The Japanese market is becoming an important one for him, and Thailand too. The Thais are developing a great taste for wine, ‘and I want them to enjoy some of mine,’ he says.
Through trading company Italthai, who also own the majority shares of the Oriental, Saint-Lo is being brought into Thailand and sold through the hotel’s very upmarket restaurant outlets. It is also being sold in the two Oriental Shops in Bangkok.
‘The response has been great,’ says the Oriental’s food and beverage manager Jonas Schuermann. ‘Not just in our restaurants but also in the shops.
‘At our newest shop, in Lake Rajada Complex, it immediately became our best selling wine.
‘That proves that the Thai people, who are only just becoming used to the idea of taking wine home to hearts,’ he said. ‘I think there great deal of national pride invol here.’
Pathom has become very ‘ known, and he is greatly liked respected by the Thai people.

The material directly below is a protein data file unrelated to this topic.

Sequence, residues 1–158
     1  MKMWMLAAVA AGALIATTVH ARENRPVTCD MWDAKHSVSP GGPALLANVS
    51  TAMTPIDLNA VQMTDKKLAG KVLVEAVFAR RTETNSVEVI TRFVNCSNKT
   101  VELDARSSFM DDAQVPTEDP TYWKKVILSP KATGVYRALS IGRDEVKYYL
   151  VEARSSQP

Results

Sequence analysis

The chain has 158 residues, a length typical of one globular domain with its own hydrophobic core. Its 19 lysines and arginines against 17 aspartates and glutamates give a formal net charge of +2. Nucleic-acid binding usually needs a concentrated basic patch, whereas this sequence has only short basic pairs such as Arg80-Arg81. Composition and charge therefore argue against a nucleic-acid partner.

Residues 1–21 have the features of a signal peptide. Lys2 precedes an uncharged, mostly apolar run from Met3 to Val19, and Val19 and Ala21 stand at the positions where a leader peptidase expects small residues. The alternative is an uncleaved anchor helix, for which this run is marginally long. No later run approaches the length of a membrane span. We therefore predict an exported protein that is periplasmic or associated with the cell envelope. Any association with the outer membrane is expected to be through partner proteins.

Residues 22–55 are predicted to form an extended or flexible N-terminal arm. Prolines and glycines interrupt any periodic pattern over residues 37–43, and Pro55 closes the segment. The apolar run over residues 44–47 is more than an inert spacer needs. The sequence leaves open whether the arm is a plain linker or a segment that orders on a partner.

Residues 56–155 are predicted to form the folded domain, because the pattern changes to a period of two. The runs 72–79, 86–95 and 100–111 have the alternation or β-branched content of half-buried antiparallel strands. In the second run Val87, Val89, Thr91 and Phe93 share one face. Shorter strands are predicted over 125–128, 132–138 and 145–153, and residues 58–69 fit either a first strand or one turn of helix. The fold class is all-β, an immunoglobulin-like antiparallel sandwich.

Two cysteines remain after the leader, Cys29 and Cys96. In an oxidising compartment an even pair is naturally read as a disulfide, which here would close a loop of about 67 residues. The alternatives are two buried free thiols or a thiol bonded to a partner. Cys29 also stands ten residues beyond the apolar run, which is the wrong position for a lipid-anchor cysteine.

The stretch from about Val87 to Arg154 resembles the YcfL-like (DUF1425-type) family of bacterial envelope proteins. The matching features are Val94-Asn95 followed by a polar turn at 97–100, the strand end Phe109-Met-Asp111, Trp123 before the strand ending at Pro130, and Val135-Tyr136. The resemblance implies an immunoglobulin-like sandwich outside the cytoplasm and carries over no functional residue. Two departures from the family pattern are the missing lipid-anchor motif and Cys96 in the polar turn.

‘But also it is a very good wine, as we are selling it in the shops what by Thai standards is a reat able price (it retails at around US per bottle with Thai import di amounting to 123%), it is air tailor-made for the market here.:
Pathom’s youngest son, Rapl has now joined his father in exp ing Saint-Lo to the Asian mar] Raphael himself is also showinj family’s golden touch.
For his own doctoral thesis h< a study of Father Guy Tachard. of Louis XVTs emissaries to the c of King Narai. Publishing work commercially under the ti Jesuit in the Court of Siam, . currently enjoying critical and fi cial success.
In Bangkok, he is delighted t friends that France’s Le Monde called him a ‘Cocktail Thai’ – litc the most francophile of all his f( nri •